Tuesday, July 27, 2010


This former colegiala, who made good in the United States, is going back to the Philippines to lead the US Agency for International Development (USAID) efforts to help the country.

News of Filipino-American Gloria Steele’s appointment as USAID mission director for the Philippines have been circulating in the Fil-Am community in Washington DC days before her formal installation last July 20.

Philippine Ambassador Willy Gaa was elated by the announcement of her appointment.

“Ms. Steele’s proven track record in development work, especially in the areas of global health, food security and national resource management will help ensure that the US government’s Country Assistance Strategy, whose cross-cutting themes are complimentary to the platform of good governance of President Benigno Aquino III, will be achieved,” he declared.

Before her new assignment, she was Senior Deputy Administrator of USAID’s Global Health Bureau.

Ms. Steele, a graduate of Maryknoll in Quezon City and Kansas State University where she earned her Masters in Agricultural Economics, backed the establishment of a technical group to look into neglected diseases within the US Food & Drug Administration at a Senate appropriations hearing last month.

“This knowledge and experience may be useful to the FDA review group on neglected diseases as it works to identify ways that could help shorten the pathways for bringing medicines for neglected diseases to the market,” she testified.

This could have positive impact on diseases, believed to be long eradicated in the US, that remain virulent threats in the Third World such as malaria and tuberculosis.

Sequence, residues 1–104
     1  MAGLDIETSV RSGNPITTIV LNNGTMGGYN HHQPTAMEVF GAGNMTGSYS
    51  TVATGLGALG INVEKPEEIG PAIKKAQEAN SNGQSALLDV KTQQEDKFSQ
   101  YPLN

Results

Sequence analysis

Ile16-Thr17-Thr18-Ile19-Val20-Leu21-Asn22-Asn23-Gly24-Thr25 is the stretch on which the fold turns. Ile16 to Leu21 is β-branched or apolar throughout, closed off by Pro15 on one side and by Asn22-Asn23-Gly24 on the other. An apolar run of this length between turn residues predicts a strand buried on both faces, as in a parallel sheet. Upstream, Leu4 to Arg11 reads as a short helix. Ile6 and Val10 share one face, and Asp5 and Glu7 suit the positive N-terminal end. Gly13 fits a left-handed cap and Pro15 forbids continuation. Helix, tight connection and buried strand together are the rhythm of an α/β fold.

Only recently, reports surfaced about the possible resurgence of the mosquito-borne dengue fever in parts of the US.

“Through product development plans, USAID works to ensure that as new products become available and are proven to be effective, they can be quickly introduced in developing countries,” she explained.

At the Senate hearing, she disclosed USAID plans to spend $63 billion in about 80 countries to fight AIDS, TB, malaria and other diseases, especially among women, infants and children.

The Philippines receives millions of dollars every year under various US Global Health Initiative programs.

But Ms. Steele’s new role in the Philippines has added dimensions, taking into account the rather unique objectives of USAID in the country.

While US Special Forces help the Philippine military fight the Abu Sayyaf and other terror groups, USAID money is also the weapon of choice for America’s “smart power” strategy to lift Mindanao from the clutches of Islamic extremism.

The agency spends over 60 cents of every dollar they invest for the Philippines in Mindanao. That amounts to over $350 million since 2001.

The USAID has taught more than 8,000 former Moro National Liberation Front (MNLF) fighters modern farming techniques, helped build and fund countryside schools, financed roads and small businesses, and brought much-needed health care services to long neglected pockets of Mindanao, Sulu and Basilan.

All these now become Ms. Steele’s responsibility.

This former economics professor now has a unique opportunity to make real impact in the country she once left behind but has now come back home to.

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